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Should I/How do I go into teaching?

(6 Posts)
Listerscat Mon 09-May-16 14:56:41

Hello all, I'm just wondering if there are any teachers or college tutors/lecturers who could offer any advice.

I am in a profession that I've been wanting to leave. I had always wanted to go into teaching or my current profession, so my change of heart isn't out of the blue.

I have a degree and a post grad relevant to the field that I am in now (not a subject taught until A level stage, and not a subject that I'd like to teach).

I work very long hours (sometimes 11 hours in the office on top of the commute and work that I take home) so although I appreciate that teachers work very hard I am used to long days and having to work after work iyswim.

My dh has a full time job but lectures at a FE college part time (so does 88 hour weeks not including marking, lesson plans etc) He did the PTTLs course. He thinks that this would be the best route for me and that I should try English departments.

My dm (I come from a family of teachers) thinks that I should look at state secondary schools instead and is sure that you can get paid to train. My research online and (v limited) understanding is that it would cost me £6000 and upwards to do ITT for a year to become a QT (is that correct?). I have already paid £10,000 for the 'training' in my current profession on top of my uni fees, so I really don't think that I can afford it. DM insists that I've got it wrong.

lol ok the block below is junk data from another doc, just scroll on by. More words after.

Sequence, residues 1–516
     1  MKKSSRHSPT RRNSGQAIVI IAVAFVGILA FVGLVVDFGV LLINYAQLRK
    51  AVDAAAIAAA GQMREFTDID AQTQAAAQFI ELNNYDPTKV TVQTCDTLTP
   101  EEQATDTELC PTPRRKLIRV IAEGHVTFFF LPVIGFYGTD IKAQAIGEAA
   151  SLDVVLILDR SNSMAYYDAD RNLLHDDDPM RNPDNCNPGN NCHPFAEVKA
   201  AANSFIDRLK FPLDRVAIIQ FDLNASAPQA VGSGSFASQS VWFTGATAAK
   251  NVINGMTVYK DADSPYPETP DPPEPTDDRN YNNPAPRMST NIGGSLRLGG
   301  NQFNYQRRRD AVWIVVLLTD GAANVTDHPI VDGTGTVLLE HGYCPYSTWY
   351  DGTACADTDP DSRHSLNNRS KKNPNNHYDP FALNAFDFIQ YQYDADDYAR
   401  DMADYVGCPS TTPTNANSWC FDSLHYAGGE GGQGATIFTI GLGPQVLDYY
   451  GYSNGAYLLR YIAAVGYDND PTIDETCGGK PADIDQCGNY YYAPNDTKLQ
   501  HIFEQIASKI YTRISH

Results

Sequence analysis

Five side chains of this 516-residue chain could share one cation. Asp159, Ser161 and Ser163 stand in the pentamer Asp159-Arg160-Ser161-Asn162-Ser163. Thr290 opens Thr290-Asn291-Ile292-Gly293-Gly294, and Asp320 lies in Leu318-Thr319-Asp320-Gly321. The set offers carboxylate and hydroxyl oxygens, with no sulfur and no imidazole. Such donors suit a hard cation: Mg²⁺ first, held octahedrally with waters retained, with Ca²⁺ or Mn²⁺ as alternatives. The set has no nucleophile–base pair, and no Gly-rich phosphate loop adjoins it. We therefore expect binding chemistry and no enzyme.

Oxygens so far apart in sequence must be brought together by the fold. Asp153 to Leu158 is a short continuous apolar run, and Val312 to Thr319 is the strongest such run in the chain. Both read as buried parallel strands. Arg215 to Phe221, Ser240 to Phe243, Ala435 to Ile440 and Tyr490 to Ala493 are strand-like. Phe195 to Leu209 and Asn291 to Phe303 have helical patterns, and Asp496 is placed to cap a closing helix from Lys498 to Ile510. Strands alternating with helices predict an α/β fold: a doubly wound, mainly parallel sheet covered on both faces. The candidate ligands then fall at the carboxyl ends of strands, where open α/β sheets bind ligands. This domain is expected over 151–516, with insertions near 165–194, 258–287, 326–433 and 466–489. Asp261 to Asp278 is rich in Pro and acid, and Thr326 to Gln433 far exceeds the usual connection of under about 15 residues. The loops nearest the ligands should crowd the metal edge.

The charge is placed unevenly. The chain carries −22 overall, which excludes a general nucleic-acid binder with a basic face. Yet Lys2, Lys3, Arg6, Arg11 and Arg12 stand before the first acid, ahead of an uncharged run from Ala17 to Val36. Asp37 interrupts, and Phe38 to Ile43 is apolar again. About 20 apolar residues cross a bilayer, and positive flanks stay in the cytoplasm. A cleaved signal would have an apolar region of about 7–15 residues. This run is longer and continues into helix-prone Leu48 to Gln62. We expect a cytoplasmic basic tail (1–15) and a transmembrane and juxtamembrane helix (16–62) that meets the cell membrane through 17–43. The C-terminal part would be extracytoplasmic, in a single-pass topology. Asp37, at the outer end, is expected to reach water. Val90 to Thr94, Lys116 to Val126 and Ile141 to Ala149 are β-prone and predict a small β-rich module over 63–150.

Can anyone shed any light or has anyone else left a career to become a teacher?

OP’s posts: |
noblegiraffe Mon 09-May-16 15:03:44

There are salaried training routes so you don't do a PGCE, you train in a school and get paid to do it, look up Schools Direct.

Which subject would you be training to teach in? There are large bursaries available for certain subjects )e.g. £25,000 for maths, so you'd be better off in those subjects to take an unsalaried route and get the bursary.

Betty1000 Mon 09-May-16 15:43:40

Please be prepared to work 12 hour days as you will have around 30 pupils and your Head will insist on Maths and English books being marked daily. You will have to do detailed planning (even though Teaching Unions have fought against this).
Teaching is very rewarding but only for those who want to give their life to it I'm afraid.

Listerscat Mon 09-May-16 15:53:06

Thank you both for your responses. Noblegiraffe, I'll have a look at Schools Direct.

OP’s posts: |
NaomiCole Mon 09-May-16 17:09:14

My honest gut reaction - don't do it. I love teaching. I've wanted to do it since I was four. Every day with the kids is a gift. However, the new curriculum is so restrictive that all the joy is being sucked out. The children are being worked to the bone and I cannot in good conscience carry on being a tool of the government that treats all children like learning robots who need knowledge transferred into them. It's cruel. I do ten hours a day on site then do at least four hours at home every night and work all day and evening on at least one of my weekend days. I'm at breaking point to make it engaging and fun. I love my job but I'm not staying.

Sorry to be so negative. Might I suggest that you have a read around the TES website forums?

Good luck, whatever you choose to do.

Listerscat Wed 11-May-16 17:26:22

Sorry for the delay, but that you Naomicole, that's food for thought...

OP’s posts: |

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